The Very First Blood Transfusion

The world’s first experiments with blood transfusion occurred in the mid-1660s in England. The procedure, which was first carried out between dogs, was gruesome: the dogs were tied down, the arteries and veins in their necks opened, and blood transferred from one to another through quills (most likely made from goose feathers) inserted into the blood vessels. The experimentalist started and stopped the flow of blood by loosening and tightening threads tied with running knots around the dogs’ blood vessels. The blood of the “emittent” dog flowed from its carotid artery into a vein in the recipient’s neck while the recipient’s own blood ran out its carotid artery. According to physician Richard Lower, who described the operation in an essay published in 1666 in Philosophical Transactions, the world’s oldest scientific journal, the transfusion came to an end when the emittent dog began “to cry, and faint, and fall into Convulsions, and at last dye [sic].”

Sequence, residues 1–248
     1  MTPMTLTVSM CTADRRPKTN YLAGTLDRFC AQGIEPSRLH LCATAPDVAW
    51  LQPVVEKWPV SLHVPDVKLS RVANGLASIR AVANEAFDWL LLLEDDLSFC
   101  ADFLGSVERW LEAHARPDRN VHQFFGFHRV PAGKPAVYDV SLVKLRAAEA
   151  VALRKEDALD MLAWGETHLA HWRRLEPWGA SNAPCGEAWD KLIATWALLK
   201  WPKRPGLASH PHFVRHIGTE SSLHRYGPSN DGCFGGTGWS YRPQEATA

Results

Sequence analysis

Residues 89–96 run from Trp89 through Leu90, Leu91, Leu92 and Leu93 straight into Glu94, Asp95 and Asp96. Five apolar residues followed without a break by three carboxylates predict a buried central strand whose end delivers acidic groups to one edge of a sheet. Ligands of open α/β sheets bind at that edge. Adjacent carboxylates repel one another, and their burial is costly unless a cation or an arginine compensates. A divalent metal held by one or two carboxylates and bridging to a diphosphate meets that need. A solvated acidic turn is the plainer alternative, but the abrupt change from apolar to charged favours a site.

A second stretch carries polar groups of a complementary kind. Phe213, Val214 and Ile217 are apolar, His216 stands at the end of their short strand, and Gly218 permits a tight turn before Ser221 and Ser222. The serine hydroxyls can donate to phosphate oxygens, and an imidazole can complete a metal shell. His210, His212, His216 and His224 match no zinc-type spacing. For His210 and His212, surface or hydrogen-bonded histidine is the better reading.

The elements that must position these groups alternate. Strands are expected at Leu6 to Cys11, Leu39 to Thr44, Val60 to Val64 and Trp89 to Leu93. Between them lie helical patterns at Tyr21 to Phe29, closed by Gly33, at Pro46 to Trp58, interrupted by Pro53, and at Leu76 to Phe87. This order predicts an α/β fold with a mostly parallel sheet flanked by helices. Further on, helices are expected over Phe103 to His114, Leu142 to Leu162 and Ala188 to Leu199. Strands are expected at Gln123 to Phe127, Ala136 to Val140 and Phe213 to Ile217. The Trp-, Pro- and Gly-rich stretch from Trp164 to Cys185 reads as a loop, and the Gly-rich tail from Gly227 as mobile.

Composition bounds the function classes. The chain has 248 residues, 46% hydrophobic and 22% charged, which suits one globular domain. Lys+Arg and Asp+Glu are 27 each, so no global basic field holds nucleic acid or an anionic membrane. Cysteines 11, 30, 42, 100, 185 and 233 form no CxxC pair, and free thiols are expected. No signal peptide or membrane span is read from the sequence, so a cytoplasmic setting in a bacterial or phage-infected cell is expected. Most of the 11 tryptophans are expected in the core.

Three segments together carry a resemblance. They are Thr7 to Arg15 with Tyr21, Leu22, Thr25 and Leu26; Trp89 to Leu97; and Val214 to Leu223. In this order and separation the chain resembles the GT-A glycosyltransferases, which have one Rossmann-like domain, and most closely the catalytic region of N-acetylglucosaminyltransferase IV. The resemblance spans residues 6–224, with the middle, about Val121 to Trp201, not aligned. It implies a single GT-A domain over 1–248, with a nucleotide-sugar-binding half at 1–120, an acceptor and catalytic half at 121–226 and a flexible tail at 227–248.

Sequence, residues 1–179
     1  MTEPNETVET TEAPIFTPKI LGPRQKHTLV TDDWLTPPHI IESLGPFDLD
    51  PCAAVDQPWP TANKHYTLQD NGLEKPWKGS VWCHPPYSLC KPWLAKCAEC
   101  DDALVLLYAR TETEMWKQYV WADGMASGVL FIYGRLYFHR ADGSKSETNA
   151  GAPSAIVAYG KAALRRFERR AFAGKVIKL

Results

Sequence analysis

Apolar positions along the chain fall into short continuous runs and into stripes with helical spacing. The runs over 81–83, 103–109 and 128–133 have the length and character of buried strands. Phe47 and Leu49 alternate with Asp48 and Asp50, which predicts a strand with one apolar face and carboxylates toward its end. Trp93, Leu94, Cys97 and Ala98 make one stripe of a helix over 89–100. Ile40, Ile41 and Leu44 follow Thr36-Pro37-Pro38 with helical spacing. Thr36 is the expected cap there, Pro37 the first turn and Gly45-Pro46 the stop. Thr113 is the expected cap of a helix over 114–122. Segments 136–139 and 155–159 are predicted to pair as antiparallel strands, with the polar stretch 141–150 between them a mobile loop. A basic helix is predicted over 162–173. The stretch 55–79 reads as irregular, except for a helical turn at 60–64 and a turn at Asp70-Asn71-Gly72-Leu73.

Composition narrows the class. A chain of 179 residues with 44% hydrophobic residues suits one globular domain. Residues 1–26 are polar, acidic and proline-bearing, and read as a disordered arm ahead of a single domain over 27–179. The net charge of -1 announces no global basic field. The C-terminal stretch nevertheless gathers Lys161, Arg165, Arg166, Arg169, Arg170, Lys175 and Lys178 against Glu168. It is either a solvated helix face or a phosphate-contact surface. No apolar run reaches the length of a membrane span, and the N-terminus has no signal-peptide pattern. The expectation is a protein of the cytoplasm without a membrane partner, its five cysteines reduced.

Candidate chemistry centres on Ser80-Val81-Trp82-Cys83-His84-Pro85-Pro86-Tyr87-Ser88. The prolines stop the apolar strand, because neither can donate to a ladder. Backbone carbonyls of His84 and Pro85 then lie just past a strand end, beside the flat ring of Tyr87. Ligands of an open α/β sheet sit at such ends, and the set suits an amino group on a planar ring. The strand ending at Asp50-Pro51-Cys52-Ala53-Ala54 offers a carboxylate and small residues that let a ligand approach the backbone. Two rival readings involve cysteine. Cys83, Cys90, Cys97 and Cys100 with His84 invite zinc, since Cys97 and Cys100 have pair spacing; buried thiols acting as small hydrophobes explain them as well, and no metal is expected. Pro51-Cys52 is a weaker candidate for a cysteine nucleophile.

Elizabeth Yale writing in JSTOR Daily about the early history of blood transfusions.

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